Data as of June 1989


Mongolia

Environmental Concerns

After many years of uncritical fostering of industrial and urban growth, Mongolia's authorities became aware in the late 1980s of the environmental costs of such policies. Belated Soviet concern over the pollution of Lake Baykal encouraged Mongolian actions to preserve their counterpart Hovsgol Nuur, which is linked to Lake Baykal through the Selenge Moron. A wool-scouring plant that had been discharging wastes into Hovsgol Nuur was closed; truck traffic on the winter ice was banned; and the shipping of oil in barges on the lake was stopped. Deforestation in the Hangayn Nuruu, had reduced the flow of northern Mongolia's rivers, which were polluted by runoff from the fertilized and pesticide-treated grain fields along their banks, by industrial wastes, and by untreated sewage from growing settlements. Ulaanbaatar--located in a valley--with factories and 500,000 inhabitants who depend on soft coal, had severe air pollution, especially when the air was still and cold in winter. Deforestation, overgrazing of pastures, and efforts to increase grain and hay production by plowing up more virgin land had resulted in increased soil erosion, both from wind and from heavy downpours of the severe thunderstorms that bring much of Mongolia's rain. In the south, the desert area of the Gobi was expanding, threatening the fragile gobi pasturelands. The government responded by founding the Ministry of Environmental Protection in 1987 and by giving increased publicity to environmental issues.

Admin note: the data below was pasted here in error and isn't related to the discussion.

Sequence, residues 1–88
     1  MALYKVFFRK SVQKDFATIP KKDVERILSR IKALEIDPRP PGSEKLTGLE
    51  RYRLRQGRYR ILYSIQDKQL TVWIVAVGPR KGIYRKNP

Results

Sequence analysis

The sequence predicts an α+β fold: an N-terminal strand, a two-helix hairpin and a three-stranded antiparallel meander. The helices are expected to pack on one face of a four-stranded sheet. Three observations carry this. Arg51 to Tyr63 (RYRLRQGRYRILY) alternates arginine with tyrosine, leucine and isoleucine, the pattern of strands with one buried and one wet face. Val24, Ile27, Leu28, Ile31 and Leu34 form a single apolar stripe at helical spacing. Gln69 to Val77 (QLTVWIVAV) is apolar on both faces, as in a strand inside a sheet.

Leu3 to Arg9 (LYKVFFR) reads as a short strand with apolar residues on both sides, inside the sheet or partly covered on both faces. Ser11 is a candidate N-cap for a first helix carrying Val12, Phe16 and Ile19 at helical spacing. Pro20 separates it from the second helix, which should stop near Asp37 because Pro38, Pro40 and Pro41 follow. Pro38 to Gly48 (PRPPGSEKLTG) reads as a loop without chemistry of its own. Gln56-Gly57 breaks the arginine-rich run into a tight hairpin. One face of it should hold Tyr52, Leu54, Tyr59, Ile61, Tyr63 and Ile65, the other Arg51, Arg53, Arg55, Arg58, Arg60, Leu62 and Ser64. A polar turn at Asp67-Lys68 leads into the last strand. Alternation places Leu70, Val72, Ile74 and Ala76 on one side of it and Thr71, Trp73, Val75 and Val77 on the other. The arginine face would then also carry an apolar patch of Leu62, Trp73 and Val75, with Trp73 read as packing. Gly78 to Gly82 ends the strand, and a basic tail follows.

Data as of June 1989



Geography of Countries

Click here for Geography of other Countries

 





Make 1Up Travel your HomepageSend this Page to a FriendGo to Top of PagePrint this PageAdd 1Up Travel to your Favorites


CHANNELS

Compare Country Info Hotel Directory Geography Flags World Maps Travel Warnings National Parks

DESTINATIONS

Asia Africa Caribbean Middle East North America South America Central America Oceania Pacific Europe Polar Regions

PHOTO SPECIAL

Destinations Monuments Ancient Wonders Modern Wonders Natural Wonders

UTILITIES

World Time ISD Codes Travel Links Link Exchange

 



Disclaimer: Although we've tried to make the information on this web site as accurate as possible, we accept no responsibility for any loss, injury or inconvenience sustained by any person resulting from information published on this site. We encourage you to verify any critical information with the relevant authorities before you travel.

Copyright 1Up Travel All Rights Reserved.
Go Up

Privacy Policy